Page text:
McLaren accused of helping a ‘sickening and deadly business’

McLaren recently promoted a tobacco free company at the British GP, where Lando Norris finished second.

McLaren have been targeted by three big health foundations in the Netherlands ahead of next weekend’s Dutch Grand Prix, over their sponsor Velo.

Velo is a nicotine-based company which produce ‘snus’ products, which is a powdered alternative of tobacco which the user holds between their lips and gums in a moist pouch containing nicotine.

This type of product is banned in the Netherlands and in the United Kingdom, in fact it’s banned all over the European Union with the exception of Sweden.

McLaren have been partners with the creators and sellers of Velo – the British American Tobacco – for the past five years, with Velo and Vuse branding having often been seen on the Woking-based team’s livery.

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Velo and Vuse branding is often seen on the sidepods of the papaya livery, as recently as the British Grand Prix where Lando Norris and Oscar Piastri finished second and fourth.

Velo branding is allowed in F1 due to the product being tobacco free, meaning it’s not banned under the sport’s tobacco advertising ban.

The Lung Fund, KWF cancer fund and The Dutch Heart Foundation all want to see Velo branding banned at Zandvoort and are taking their case to the Advertising Code Commission, according to De Telegraaf and the NL Times.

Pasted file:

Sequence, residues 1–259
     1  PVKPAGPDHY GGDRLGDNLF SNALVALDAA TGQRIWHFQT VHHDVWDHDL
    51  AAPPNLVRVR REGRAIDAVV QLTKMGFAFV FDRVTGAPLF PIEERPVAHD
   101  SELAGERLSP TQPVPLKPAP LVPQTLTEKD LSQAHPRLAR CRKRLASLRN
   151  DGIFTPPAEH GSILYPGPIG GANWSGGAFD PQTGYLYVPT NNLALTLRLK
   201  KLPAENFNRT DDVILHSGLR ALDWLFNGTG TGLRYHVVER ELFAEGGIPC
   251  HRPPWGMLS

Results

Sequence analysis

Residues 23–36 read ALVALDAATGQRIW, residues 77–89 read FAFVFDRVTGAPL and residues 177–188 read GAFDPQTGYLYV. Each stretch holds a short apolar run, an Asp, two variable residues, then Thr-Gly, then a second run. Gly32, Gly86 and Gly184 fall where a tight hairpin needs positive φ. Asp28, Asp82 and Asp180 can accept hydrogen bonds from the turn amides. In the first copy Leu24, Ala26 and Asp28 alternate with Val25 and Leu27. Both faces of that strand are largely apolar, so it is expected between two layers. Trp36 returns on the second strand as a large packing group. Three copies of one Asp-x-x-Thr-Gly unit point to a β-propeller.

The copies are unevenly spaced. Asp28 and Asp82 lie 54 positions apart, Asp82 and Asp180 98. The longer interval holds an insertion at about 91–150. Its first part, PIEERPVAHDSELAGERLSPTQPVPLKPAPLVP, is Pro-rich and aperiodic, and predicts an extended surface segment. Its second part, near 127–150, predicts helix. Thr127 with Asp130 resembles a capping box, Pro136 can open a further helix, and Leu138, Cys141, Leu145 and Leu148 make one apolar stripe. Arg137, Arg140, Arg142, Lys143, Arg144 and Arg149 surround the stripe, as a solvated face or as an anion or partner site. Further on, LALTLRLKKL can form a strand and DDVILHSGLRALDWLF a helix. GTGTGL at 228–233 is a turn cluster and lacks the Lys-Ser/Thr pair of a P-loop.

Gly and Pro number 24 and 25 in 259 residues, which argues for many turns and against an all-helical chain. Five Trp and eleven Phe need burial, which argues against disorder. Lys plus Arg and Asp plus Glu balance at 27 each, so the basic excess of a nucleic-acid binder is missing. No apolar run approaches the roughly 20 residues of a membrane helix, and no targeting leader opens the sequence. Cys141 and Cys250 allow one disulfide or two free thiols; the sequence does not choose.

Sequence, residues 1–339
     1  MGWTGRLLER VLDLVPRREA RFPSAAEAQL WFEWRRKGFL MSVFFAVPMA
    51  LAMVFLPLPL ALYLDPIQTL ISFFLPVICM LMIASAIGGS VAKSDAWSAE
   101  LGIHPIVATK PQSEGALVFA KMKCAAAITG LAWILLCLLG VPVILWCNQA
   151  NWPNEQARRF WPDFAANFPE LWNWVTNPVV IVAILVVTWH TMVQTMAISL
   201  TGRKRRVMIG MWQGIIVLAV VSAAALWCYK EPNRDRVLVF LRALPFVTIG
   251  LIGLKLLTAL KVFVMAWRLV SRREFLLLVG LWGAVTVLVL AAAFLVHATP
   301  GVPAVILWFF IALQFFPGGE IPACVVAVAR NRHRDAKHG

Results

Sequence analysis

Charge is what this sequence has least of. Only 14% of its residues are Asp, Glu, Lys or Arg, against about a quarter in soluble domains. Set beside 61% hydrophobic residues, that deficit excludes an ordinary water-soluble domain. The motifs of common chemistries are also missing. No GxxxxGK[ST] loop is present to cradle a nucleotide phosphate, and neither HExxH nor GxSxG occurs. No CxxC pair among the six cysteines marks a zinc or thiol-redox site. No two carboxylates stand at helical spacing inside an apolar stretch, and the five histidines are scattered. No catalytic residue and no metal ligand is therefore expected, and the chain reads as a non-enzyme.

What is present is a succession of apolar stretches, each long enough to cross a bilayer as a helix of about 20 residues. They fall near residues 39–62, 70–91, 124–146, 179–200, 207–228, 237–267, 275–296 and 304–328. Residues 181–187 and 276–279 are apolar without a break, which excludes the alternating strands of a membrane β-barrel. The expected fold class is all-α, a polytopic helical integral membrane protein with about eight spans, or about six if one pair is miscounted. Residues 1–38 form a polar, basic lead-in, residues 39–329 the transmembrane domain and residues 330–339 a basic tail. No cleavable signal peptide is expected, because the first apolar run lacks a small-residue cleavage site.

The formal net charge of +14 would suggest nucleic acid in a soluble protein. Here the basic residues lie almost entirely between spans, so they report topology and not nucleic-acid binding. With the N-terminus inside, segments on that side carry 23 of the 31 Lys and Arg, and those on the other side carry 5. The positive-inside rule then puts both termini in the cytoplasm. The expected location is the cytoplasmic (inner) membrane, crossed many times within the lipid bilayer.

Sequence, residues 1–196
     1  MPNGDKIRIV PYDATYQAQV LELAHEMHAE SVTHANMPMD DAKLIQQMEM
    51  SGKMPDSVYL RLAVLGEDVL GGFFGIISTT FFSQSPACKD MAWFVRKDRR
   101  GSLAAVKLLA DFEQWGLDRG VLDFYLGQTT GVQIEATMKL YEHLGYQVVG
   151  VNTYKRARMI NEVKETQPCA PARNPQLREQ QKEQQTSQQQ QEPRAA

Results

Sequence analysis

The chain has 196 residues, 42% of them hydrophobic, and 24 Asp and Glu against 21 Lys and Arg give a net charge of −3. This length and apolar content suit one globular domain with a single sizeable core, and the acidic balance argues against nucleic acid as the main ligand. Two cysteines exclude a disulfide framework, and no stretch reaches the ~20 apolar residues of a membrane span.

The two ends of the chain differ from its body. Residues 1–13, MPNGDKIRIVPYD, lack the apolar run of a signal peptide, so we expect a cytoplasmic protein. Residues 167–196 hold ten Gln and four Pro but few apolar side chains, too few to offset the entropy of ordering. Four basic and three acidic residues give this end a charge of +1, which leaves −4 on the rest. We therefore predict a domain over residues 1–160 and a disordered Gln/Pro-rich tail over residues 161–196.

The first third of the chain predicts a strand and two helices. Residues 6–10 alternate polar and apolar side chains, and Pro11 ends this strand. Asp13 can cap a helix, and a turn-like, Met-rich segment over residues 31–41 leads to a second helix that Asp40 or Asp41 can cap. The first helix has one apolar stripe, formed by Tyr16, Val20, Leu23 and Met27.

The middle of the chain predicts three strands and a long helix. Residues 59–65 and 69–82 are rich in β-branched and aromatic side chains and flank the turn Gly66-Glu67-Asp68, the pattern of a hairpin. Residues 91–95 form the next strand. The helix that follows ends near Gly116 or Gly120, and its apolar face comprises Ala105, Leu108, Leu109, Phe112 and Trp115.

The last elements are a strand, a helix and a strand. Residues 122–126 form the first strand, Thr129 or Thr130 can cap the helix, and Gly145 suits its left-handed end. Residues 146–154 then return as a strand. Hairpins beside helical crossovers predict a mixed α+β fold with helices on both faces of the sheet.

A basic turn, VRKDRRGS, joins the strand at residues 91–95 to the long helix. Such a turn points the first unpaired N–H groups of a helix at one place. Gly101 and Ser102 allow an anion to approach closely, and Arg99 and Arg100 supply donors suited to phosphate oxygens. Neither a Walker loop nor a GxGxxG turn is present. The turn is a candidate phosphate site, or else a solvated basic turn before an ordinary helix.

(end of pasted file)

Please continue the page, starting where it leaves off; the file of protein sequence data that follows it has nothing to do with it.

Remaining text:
The country does have an ethos regarding advertising, which states that advertising ‘isn’t allowed to encourage behaviour that is harmful to health’.

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This ethos is set to be at the heart of the three organisations case, which will presumably be heard before the Grand Prix takes place.

KWF believe that McLaren are supporting young people becoming addicted to the “sickening and deadly” tobacco industry by promoting Velo and Vuse, something they don’t think should be allowed at Zandvoort.

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“The Velo branding on the McLaren car shows that the tobacco industry is doing everything in its power to get young people addicted, to sustain a sickening and deadly business,” KWF director Carla van Gils told De Telegraaf.

“In our opinion, this is contrary to good taste and decency.”

Whether Velo branding will be banned from the Dutch GP is yet to be discovered, although with the race being next weekend a verdict will presumably be heard soon.